And I say unto you, Ask, and it shall be given you; seek, and ye shall find; knock, and it shall be opened unto you. For every one that asketh receiveth; and he that seeketh findeth; and to him that knocketh it shall be opened. (Luke11:09 - 10)
Reviewed by Gregory and Maria Pearse on March 14, 2004.
  directed by Franco Zeffirelli

This made-for-TV epic is a fairly average adaptation for a fairly average viewer - with undeniable artistic touches, however. Zeffirelli is an exceptionally gifted director, who works well with actors (his best film by far is "Romeo and Juliet"). A particular stand-out in this production is Olivia Hussey, who plays Mary of Nazareth with touching delicacy and evident spirituality, displaying her own extraordinary natural beauty without self-consciousness. Robert Powell (Jesus) also makes it possible on more than a few occasions to perceive him as Christ (for the first time, the Lord's Prayer isn't rattled off). A child, portraying young Jesus, leaves a definite impression as well. Another effective portrayal is of King Herod by Christopher Plummer. Among the definite "misses" of characters is, surprisingly, Michael York as John the Baptist. He works himself up into a state of hysteria for the entire duration of his appearance, without the slightest shading to his character.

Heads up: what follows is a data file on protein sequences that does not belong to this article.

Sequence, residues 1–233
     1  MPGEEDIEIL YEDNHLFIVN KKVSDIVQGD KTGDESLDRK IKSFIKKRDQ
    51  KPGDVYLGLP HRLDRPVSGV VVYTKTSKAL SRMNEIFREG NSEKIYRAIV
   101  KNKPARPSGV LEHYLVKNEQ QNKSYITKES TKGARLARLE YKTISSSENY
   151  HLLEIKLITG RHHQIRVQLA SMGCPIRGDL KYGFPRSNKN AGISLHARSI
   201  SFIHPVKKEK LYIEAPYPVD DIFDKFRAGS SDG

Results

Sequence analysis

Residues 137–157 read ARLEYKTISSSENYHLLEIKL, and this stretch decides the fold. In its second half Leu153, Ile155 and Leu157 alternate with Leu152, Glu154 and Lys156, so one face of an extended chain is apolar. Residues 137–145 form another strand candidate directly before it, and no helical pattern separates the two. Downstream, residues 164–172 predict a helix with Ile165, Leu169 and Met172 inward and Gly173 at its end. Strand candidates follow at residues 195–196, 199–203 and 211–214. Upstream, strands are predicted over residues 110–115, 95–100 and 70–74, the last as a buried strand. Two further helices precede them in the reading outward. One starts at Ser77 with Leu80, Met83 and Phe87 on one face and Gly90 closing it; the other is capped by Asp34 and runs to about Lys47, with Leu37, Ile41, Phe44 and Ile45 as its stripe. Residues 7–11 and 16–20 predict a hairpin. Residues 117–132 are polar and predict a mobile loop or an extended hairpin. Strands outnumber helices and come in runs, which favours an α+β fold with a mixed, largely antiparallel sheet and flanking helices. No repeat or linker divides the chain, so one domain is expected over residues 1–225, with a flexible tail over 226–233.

The film is lacking in forward momentum and urgency, as one might expect from such a sprawling adaptation. What one doesn't necessarily expect is the banal music that accompanies the film. This is doubly surprising as Zeffirelli is usually a very musical director.
No attempt is made to rethink the story of Christ in any way, and so all of the usual distortions regarding Christ's Mission abound here. Without the slightest hesitation or intuition of doing anything wrong, the made-up statements conforming to the accepted dogma are put right into the mouth of Christ. For instance, we hear Him stating point- blank that He has come to take all the sins of the world upon His shoulders and that anyone wishing to follow Him must do the same (a statement, which is to be found nowhere in the Gospels, but which is by now universally accepted without any thought). For an illuminating view on the "burden" of the cross, read "The Cross of Truth" by Herbert Vollmann.
A particular emphasis in this adaptation is laid on the miracles. These miracles have always been regarded as events, which took place outside the Laws of Nature. This simply shows us that we as yet do not understand the Laws of Nature, Which are nothing but material manifestations of the Spiritual Laws of Creation.
      "The miracles of Jesus came about neither through interventions in the order of Nature nor through annulment of the Laws of Nature!"
       "If today it were possible for us to look at a miracle through a slow-motion camera, we should find that the running off of the individual successive processes corresponds without a gap to the working of the Laws of Nature. But it takes place with extraordinary speed and concentrated power, which in the case of the miracles of Jesus far surpassed human ability! As we are unable to survey these processes we describe them as miraculous, as miracles."
       "In reality the whole of Creation is one single tremendous miracle which we are allowed to experience with open heart every day!"
        (Herbert Vollmann "Divine Miracles and Human Miracles", for the entire chapter click here.)
The greatest miracle for us is contained in the Word Jesus brought, for It teaches us how to live so as to become capable of obtaining forgiveness through the adjustment to the incorruptible Laws of Creation.